Economist Mihir Desai sets aside his usual academic work in a new book in which he uses plain language and stories drawn from literature and art to explain the basic principles of finance and show how deeply they are rooted in the humanities.
A paper co-authored by Harvard economist Daniel Shoag found that Japanese-Americans who were sent to internment camps in poorer regions fared worse than those who were sent to richer areas, and the economic disadvantage persisted for generations.
A two-day workshop will examine how poverty leads to social exclusion, and how to reduce it.
Should students receive financial compensation for high test scores? Would a market for organ donation make saving lives more efficient? Should a nation be permitted to buy the right to pollute? These questions represent just a few of the many ethical issues that Harvard professors Michael Sandel, Amartya Sen, and visiting professor Philippe van Parijs from the University of Louvain (Belgium) have been considering this semester.
Author and economist Sendhil Mullainathan talks about the research behind “Scarcity: The New Science of Having Less and How It Defines Our Lives.”
UPenn political scientist Diana Mutz spoke at Radcliffe on the gap between how citizens and economists view global trade.
Harvard Business School labor economist Gareth Olds discusses new research into the surprising relationship between entrepreneurship and the social safety net.
Acclaimed French economist Thomas Piketty discusses his landmark text, “Capital in the Twenty-First Century,” one year after its publication in English.
A new Kennedy School paper looks at early investor reaction to Donald Trump’s presidency.
For retail, the revolution is being televised, or at least delivered through online screens.
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National political dysfunction is crippling U.S. competitiveness, a major Harvard Business School report says.
In a two-day conference a group of Harvard scholars joined leaders in the private and public sectors to explore gender gaps in societal, political, and economic realms, as well as the means of developing policy, corporate practices, and leadership strategies to foster gender diversity.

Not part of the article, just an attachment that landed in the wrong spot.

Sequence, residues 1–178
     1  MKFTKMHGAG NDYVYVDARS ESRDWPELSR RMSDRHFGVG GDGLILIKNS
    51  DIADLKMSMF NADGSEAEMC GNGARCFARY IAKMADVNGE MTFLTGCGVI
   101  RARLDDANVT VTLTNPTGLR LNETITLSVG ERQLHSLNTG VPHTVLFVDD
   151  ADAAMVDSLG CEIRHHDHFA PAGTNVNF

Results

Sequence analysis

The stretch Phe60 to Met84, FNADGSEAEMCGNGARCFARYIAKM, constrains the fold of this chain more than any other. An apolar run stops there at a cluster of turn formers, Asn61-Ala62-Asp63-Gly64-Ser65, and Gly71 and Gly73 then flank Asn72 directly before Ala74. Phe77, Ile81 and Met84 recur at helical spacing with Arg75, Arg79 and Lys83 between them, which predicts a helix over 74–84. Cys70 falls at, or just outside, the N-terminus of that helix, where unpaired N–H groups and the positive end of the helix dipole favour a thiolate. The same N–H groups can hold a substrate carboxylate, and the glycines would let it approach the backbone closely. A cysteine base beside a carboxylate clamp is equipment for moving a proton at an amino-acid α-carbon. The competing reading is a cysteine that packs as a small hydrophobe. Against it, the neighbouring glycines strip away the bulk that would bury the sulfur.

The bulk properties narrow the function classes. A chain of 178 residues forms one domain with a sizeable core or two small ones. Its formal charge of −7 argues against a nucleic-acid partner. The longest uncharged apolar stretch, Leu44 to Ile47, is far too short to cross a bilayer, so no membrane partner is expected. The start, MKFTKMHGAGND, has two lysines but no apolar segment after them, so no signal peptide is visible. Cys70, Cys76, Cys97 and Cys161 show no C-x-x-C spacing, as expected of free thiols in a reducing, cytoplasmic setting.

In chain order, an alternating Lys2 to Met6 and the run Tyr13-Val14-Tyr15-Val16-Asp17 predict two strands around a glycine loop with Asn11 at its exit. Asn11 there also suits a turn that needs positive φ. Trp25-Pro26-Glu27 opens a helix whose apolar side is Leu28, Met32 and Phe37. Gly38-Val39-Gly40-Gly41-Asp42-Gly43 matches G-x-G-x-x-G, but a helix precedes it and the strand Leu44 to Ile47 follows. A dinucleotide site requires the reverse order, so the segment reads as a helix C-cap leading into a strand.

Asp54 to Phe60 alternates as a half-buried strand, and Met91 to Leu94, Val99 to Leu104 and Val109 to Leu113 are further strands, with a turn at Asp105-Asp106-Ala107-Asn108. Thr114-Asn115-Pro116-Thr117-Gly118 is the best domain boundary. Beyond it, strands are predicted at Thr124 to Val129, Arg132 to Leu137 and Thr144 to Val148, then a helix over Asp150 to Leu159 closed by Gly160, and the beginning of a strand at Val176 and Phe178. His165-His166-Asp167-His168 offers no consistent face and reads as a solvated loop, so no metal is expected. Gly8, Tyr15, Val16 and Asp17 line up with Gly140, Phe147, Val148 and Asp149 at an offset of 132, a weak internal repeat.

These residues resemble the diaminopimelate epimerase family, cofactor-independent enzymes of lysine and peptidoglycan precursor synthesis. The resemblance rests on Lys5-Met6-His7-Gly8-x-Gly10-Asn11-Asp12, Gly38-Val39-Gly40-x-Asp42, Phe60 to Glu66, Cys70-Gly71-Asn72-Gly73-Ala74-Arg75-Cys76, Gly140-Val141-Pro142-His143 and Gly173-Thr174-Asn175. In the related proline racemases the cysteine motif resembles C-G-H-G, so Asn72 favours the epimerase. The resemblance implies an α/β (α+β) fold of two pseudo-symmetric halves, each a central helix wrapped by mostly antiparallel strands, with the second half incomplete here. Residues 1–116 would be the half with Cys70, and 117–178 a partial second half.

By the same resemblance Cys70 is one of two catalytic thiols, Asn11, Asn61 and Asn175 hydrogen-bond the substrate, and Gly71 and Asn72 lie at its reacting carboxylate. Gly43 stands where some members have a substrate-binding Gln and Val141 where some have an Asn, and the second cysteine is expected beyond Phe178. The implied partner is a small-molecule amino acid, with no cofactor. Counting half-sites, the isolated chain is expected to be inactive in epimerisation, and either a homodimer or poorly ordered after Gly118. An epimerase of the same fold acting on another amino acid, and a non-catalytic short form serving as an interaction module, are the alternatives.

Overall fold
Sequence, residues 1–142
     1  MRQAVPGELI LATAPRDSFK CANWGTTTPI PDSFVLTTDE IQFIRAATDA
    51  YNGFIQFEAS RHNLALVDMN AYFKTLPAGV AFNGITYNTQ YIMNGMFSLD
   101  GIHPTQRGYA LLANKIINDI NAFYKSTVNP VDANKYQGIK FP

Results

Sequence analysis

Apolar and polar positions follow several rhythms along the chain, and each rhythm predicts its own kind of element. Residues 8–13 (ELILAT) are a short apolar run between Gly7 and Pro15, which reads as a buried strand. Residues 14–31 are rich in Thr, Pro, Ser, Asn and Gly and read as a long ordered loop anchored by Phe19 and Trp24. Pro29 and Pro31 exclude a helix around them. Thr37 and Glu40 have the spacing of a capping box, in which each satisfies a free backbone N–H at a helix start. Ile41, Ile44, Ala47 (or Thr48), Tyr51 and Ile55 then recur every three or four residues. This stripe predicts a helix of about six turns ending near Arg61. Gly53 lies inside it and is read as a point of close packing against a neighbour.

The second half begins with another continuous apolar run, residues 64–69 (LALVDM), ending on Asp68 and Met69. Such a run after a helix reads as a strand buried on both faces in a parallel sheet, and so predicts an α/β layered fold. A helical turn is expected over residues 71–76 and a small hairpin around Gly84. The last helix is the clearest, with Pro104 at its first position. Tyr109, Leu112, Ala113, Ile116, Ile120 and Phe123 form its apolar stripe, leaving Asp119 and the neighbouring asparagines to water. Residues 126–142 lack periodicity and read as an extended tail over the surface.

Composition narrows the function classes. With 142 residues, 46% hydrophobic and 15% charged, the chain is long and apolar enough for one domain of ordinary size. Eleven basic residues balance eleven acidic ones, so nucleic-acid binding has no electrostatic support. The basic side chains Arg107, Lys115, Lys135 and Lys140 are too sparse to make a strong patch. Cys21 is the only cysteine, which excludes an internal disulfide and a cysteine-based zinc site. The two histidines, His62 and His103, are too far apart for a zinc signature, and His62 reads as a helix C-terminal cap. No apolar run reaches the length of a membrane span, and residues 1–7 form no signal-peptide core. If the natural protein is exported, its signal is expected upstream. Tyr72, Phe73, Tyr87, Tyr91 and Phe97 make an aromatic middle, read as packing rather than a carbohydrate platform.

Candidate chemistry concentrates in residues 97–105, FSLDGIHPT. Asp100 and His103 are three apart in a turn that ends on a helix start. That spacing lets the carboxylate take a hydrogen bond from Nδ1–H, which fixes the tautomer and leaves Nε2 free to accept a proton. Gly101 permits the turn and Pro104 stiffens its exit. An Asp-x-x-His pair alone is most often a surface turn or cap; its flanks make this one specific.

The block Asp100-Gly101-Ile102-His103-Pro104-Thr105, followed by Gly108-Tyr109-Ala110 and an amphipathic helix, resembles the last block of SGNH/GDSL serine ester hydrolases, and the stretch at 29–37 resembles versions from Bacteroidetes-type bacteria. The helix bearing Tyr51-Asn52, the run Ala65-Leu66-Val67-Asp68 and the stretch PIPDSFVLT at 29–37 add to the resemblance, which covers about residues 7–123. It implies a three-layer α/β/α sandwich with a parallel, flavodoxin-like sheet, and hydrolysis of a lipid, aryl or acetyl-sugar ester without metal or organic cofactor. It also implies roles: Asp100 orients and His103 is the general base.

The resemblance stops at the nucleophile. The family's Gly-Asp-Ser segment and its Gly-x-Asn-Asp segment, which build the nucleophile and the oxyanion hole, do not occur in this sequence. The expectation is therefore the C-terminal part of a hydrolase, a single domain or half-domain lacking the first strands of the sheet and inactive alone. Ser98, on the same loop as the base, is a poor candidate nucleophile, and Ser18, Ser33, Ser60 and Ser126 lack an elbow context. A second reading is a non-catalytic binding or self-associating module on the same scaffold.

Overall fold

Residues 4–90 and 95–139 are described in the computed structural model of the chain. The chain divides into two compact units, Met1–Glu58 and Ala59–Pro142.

Business can be an engine for solving social problems — especially poverty — said Nobel Peace Prize winner Muhammad Yunus in a talk at Harvard Business School.
“We’ve been in a slow-motion train wreck … and now it’s just a train wreck.” This quip, by Jay Light, Dwight P. Robinson Jr. Professor of Business Administration and dean of Harvard Business School (HBS), was one of the observations offered at a panel discussion Sept. 25 intended to explain the Wall Street financial crisis to the Harvard community.
A panel discusses “The Growing Challenge of Inequality,” an issue easily described and summarized, but difficult to solve, the speakers said, given the political and economic climate that currently dominates the United States.
A large study of child growth patterns in 36 developing countries finds that, contrary to widely held beliefs, economic growth has little to no effect on the nutritional status of the world’s poorest children.
Urban demographic patterns in the United States often defy logic, but a new research paper co-authored by Harvard Kennedy School Professor Edward Glaeser is shedding light on why many Americans continue to move to cities that are on the downturn.
In his latest book, “The Curse of Cash,” Ken Rogoff, the Thomas D. Cabot Professor of Public Policy, argues that the elimination of big bills could help stem crime and even aid countries trying to rebound from financial collapse.
Federal Reserve Board Chairman Ben S. Bernanke said Wednesday (June 4) that education is both the best hedge against economic uncertainty and a student’s greatest asset, and urged Harvard College’s Class of 2008 to use their education to live rewarding lives and make the world a better place.
Former British Prime Minister Gordon Brown’s prescription for a shaken world economy: Coordinate action, and write a global economic constitution that reflects morality while acknowledging business needs.
Two alumni of Harvard's Faculty of Arts and Sciences, who received their Ph.D.s from the Graduate School of Arts and Sciences, won the Nobel Prize for economics Oct. 10, 2011 for their work on change and the macroeconomy.
Edward Glaeser, an economics, government, and public policy expert at Harvard Kennedy School, and Jerold Kayden, an urban planning and design professor at the Graduate School of Design, discuss findings from a new Brookings Institution study on the rise of innovation districts across the nation.
Mihir Desai spoke with the Gazette about the controversy surrounding tax inversion.
New research finds that female economists are not being fully credited for their contributions when they co-author papers with men, which may explain the significant tenure disparity between men and women in the field.
Harvard sociologist Matthew Desmond followed eight Milwaukee families living on the edge of eviction and chronicled their struggles in an ethnographic study that combines gripping narrative and groundbreaking research.
Gita Gopinath, Harvard’s newest tenured professor of economics, uses complex mathematics to model the financial world, but she also hunts for clues in real-world data.
A new study has found that the financial health of Social Security, the program millions of Americans have relied on for decades as a crucial part of their income, has been dramatically overstated.
After months of vitriolic campaigns, on June 23 voters began to emerge from polling stations throughout the United Kingdom having cast their ballots in a ...
Oliver Hart, the co-recipient of the Nobel Prize in economic sciences, takes on an old question in a new paper — what should the goals of a public company be?